This growing movement, demanding the right to roam, led eventually to the creation of the first of the national parks in 1951, and to the Countryside Right Of Way act in 2000. So today it is possible to walk plentiful footpaths pretty well anywhere in the country, thanks to this incredibly successful movement of direct action.

My header picture at the very top of the page, incidentally, is a view of the Peak District looking towards Kinder Scout.

And it’s another gorgeous day today, so we’re off for a walk to make the most of it. I’ll catch up with everyone later.

A Walk And Other Things

It was bitterly cold but sunny first thing yesterday morning, but after a couple of hours the air had warmed up enough to tempt me out. I was due a walk anyway, having not even left the house the previous day.

Every year there is a point somewhere around the middle of February when I feel the warmth of the sun for the first time that year, but yesterday morning there was already a hint of that.

It wasn’t cold enough to freeze the ground, except in a few particularly exposed places, and so it was very muddy underfoot. Therefore it was a delight to occasionally walk through drifts of last years leaves.

And there was so much birdsong. So much so that it became a background noise that was easy to filter out after a while, except when a particularly loud or unusual song caught my attention. Not that I do that deliberately, since birdsong is one of the delights of the countryside. At some point or another when I’m out, I can usually hear the rooks, but maybe because of the sun and the noise from the other birds they seemed to be silent. I’ve always associated them with cloudy skies for some reason, perhaps because I’m so used to hearing them on moorland and in the hills and mountains.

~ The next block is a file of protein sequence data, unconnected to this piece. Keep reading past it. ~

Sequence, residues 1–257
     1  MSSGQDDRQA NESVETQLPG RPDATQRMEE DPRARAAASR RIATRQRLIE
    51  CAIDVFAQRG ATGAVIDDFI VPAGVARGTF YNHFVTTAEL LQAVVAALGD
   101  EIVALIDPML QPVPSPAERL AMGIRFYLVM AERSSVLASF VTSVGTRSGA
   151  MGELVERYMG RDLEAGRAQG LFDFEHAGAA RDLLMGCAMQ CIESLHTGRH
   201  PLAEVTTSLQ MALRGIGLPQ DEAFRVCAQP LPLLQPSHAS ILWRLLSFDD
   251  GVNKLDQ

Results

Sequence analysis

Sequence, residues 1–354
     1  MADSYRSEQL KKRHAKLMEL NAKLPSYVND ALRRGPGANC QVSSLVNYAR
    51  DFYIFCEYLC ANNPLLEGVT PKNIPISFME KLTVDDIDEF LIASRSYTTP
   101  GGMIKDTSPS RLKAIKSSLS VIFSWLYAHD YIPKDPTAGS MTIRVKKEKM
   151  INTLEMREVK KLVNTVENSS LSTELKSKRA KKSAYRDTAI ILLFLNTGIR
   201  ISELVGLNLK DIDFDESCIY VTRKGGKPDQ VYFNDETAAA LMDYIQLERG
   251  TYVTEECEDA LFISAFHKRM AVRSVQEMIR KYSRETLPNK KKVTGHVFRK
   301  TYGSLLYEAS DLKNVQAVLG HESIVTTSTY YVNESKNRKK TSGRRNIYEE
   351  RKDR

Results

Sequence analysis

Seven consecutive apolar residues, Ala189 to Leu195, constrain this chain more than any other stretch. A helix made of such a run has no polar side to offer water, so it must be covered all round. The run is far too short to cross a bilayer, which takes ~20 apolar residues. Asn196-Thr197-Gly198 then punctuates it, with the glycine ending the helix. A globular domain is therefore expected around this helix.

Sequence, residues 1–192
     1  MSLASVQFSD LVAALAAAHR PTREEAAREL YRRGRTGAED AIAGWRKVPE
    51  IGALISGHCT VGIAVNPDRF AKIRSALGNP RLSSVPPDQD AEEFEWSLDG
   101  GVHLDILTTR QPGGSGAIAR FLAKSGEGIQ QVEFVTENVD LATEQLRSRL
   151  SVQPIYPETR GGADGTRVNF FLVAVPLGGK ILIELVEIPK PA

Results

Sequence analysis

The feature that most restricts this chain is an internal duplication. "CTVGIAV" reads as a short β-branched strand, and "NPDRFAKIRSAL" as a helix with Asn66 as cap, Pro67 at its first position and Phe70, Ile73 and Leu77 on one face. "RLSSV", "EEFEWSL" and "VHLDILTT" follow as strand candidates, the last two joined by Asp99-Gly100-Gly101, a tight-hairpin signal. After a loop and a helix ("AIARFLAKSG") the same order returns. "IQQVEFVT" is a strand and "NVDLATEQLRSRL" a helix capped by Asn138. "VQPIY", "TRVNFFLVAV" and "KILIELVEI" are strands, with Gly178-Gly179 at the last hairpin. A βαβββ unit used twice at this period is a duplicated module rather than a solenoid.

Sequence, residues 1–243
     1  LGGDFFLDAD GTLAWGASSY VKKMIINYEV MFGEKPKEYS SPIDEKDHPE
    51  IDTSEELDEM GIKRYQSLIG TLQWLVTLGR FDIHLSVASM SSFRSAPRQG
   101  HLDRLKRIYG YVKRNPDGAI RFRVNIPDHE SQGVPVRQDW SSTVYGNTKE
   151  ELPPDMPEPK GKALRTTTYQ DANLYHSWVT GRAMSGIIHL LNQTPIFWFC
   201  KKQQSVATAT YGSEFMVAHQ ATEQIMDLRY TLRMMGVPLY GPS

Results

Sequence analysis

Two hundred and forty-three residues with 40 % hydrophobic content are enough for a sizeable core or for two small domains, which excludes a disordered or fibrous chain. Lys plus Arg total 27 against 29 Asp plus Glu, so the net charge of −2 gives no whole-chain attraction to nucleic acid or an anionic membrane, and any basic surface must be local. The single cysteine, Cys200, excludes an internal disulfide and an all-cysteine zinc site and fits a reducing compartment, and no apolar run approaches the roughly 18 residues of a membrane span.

But I’m sure they like a sunny day every bit as much as the next bird.

This morning is cloudy again and the rooks are back. Outside I hear crark crark crark, and the occasional cronk. There is rain and sleet forecast for later, so I go into town in the morning. By the time I get home, the sky is already full of dark clouds and threatening to drop some weather soon.

The afternoon, then. I partly spent painting this little fellow:

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The blue tit is one of the few British birds whose population seems to be increasing slightly at the moment, in contrast to most whose populations have fallen – sometimes dramatically – over the last few years. We seem to be losing lots of the birds I took for granted as a child, which is such a sad thing. As a race, we seem to be so damned good at exterminating other creatures.

The Empire Strikes Back

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Back in the day…

It will soon be the new year, and here in the UK that means the queen’s New Year honours list, handing out awards to the ‘Great and the Good’.

In theory, there’s nothing wrong with this, except that lots of the recipients get these things because they are either rich or else some sort of useless preening celebrity.

But I digress.

The problem I do have is with the OBE and MBE. Just to remind everyone, OBE stands for the Order of the BRITISH EMPIRE and MBE stands for Member of the BRITISH EMPIRE.

Surely, the time to scrap these insulting and redundant ‘honours’ is long overdue!

Sojourn on Dartmoor